They form the default mode of our brain because it makes our operation very energy-efficient. In contrast, conscious thinking consumes a lot of cognitive energy. When that energy runs out, habits retake their place.

Habits get wired deeply in our brain, so developing and changing them comes with great difficulty. But not impossible. Some apps try, for example Fabulous. This app uses behavioral economics to help you build new and healthy routines.

The app builds around the concept of “journeys”. Each journey allows you to set a routine up in small steps. For example: Drink a glass of water upon waking up. Over time, it adds more habits, chaining them together to create a complete routine.

An alarm (stimulus) triggers each routine (behavior) at a user-specified time. You can also customize routines and add habits you choose.

Self-tracking app example: Fabulous
A science-based app using behavioral economics, Fabulous helps build healthy rituals to unlock your full potential. Users can also customize routines to meet personal needs. (Source: thefabulous.co)

3. Create a smooth user journey

To make something a habit, you have to create shortcuts and find the fastest route between the stimulus and the action. In terms of self-tracking apps, it means you have to create a frictionless experience for users in order to use your app regularly. We at our UX company use these methods to design a smooth user journey.

Skip the long login processes; the app simply must load as quickly as possible. Bring users right to their dashboard where they can see their current status and the data they want most. (We’ll talk about good dashboard design a bit later below).

During onboarding, ask only a couple of the most important questions to learn more about your user to customize settings. Ask the rest and offer extra features where they become relevant in a particular situation. In Strava, you can share your results with a running community once you finish, but this feature only comes up when it becomes relevant.

After they are in, bring them right where they need to perform a certain action. Make the learning curve as steep as possible so behavior can turn into a routine. We wrote about creating better onboarding experiences in this post.

Self tracking apps good user journey example: Strava
Strava lets you log in simply with a few steps and brings you to the feature you want most: tracking running activity (Source: medium.com)

4. Create an engaging experience for motivation

Gamification represents a huge movement among self-tracking apps. A wide variety of self-tracking technologies allows users to turn everyday activities into games by awarding points or monetary value as encouragement. Some also provide opportunities to build a community, share results and compete with other users.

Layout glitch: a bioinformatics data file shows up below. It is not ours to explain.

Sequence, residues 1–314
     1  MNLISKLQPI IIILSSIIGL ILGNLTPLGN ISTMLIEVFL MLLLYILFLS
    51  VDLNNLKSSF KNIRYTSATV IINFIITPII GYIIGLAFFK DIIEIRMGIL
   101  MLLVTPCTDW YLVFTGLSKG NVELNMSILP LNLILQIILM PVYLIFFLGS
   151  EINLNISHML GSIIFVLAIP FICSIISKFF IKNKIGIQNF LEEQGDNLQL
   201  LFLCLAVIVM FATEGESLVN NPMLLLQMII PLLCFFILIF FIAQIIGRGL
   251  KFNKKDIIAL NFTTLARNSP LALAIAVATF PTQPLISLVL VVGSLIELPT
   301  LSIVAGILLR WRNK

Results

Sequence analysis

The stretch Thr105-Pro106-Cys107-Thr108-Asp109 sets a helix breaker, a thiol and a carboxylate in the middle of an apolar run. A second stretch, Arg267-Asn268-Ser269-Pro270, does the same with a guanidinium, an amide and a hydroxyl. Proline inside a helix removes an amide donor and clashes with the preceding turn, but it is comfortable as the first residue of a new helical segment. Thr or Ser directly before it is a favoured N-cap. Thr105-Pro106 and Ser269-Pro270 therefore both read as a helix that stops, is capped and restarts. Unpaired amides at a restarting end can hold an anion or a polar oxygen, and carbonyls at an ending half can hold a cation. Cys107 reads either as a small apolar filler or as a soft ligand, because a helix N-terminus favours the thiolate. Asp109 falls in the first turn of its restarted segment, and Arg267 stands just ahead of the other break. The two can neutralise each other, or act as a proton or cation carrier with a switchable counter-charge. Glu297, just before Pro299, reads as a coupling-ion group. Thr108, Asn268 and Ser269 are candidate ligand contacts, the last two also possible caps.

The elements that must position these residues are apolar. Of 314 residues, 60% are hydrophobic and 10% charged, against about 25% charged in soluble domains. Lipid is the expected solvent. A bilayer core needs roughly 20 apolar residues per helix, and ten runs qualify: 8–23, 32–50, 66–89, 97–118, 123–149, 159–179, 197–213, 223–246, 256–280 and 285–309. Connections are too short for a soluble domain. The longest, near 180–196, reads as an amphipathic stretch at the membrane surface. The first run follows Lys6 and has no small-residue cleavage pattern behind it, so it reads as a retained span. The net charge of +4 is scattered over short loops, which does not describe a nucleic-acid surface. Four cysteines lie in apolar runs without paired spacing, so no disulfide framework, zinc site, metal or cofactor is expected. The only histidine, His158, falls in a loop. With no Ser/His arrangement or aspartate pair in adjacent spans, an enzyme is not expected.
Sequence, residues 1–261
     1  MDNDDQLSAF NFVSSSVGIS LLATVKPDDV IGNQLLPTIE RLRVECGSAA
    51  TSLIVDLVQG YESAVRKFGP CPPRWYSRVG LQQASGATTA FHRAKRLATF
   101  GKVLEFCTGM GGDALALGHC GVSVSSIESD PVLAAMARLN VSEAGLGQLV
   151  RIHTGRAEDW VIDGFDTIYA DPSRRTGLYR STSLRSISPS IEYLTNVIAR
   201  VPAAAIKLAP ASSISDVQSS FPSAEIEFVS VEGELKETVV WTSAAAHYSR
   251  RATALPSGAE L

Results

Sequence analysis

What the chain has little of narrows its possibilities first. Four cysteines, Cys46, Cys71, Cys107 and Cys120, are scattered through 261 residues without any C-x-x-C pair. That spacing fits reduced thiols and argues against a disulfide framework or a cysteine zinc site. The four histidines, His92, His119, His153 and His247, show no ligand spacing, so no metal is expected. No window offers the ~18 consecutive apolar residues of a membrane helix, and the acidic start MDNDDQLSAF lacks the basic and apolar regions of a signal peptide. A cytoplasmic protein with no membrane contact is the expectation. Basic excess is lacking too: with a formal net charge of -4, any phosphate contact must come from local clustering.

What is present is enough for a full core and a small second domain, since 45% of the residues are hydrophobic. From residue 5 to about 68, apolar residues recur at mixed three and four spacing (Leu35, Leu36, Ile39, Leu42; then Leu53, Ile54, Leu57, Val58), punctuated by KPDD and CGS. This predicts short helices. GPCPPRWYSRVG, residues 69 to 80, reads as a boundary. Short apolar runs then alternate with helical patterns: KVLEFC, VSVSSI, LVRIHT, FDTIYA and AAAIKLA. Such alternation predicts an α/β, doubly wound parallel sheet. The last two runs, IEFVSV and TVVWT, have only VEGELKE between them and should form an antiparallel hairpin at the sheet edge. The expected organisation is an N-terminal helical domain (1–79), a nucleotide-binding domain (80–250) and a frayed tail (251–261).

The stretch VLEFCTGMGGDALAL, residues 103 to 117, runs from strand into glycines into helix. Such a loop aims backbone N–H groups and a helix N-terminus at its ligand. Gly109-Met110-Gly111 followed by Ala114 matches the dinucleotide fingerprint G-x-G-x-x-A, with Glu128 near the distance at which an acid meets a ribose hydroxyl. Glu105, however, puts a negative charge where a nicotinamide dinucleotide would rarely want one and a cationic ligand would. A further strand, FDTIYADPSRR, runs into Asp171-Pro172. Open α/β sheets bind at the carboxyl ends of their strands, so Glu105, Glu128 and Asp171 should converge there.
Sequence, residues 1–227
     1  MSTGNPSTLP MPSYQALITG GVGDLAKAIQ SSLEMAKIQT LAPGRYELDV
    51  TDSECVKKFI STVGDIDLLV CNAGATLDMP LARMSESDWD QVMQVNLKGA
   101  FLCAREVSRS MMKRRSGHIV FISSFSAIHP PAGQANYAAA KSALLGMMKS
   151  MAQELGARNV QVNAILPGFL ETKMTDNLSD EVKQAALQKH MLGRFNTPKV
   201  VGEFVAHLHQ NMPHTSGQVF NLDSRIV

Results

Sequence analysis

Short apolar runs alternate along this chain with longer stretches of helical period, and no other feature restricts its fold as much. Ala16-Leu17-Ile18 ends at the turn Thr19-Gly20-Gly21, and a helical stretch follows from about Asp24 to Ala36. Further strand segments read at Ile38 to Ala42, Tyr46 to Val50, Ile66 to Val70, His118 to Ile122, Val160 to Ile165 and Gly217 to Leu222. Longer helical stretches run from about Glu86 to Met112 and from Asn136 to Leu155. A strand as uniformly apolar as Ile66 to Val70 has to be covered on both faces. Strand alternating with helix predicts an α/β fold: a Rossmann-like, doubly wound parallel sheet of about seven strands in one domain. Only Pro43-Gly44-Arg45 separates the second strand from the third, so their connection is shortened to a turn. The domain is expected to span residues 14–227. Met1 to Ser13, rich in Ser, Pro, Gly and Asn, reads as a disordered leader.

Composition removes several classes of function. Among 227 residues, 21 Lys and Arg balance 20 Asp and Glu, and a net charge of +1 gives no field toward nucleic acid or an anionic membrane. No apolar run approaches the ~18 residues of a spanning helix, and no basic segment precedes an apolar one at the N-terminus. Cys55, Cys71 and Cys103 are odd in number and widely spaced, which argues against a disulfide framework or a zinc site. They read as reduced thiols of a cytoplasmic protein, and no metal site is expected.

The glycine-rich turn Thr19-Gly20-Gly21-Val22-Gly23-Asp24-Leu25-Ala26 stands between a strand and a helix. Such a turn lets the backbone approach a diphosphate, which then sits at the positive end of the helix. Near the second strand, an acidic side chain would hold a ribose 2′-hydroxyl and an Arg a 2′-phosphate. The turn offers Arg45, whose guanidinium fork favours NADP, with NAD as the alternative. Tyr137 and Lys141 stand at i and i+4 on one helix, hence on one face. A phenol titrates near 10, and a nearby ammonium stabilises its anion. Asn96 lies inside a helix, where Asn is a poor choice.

Rehabilitation and physiotherapy, an area where the motivation to do daily exercises holds the key to recovery, represents one particular area to apply gamification with big potential.

Patient motivation can easily decrease for many reasons: post-injury depression, pain, lack of education about the importance of physical activity etc. Some apps serving these needs already use gamification to distract users’ attention from these negative feelings and provide them with some positivity.

Self tracking example of motivation experience: Tyromotion
A rehabilitation sensor device and program, Tyromotion helps users keep up with their daily physiotherapy routine with a gamified experience. (Source: tyromotion.com)

5. Create features that fit your audience

Finding the right balance between generic features and personalization presents the biggest challenge in self-tracking apps. All our different personalities, bodies, lifestyles, routines and habits make it hard to tell what works for one person or another. User research can reveal and validate feature ideas the most efficiently.

We mentioned earlier that showing the right data in the right format holds the key. Let’s see some UX best practices for data visualization in your self-tracking app dashboards.

Data visualization principles in self-tracking apps: What makes them successful?

Here we collected some best practices to help you enhance user experience through data visualization techniques.

Data dashboards form the central part of QS applications. They mainly aim to preview all the important information the user cares about at a glance and direct their attention to parts where they need to take action.

Self-tracking apps with good UX also give tips about what specific action users need to take if they have sufficient historical data for these kinds of estimations.

So what makes a good data dashboard?

They have a clear purpose

You need to clearly state what purpose the dashboard should serve and what the users need to see. Do they want the current status of some metric or the real-time deviations of data?

Do they need to act quickly and efficiently based on this data? These operational dashboards provide data aimed at driving immediate actions.

But we can delay actions as well when a need for more in-depth analysis of decision making arises. Analytical dashboards contain less time-sensitive data showing trends and complex interactions.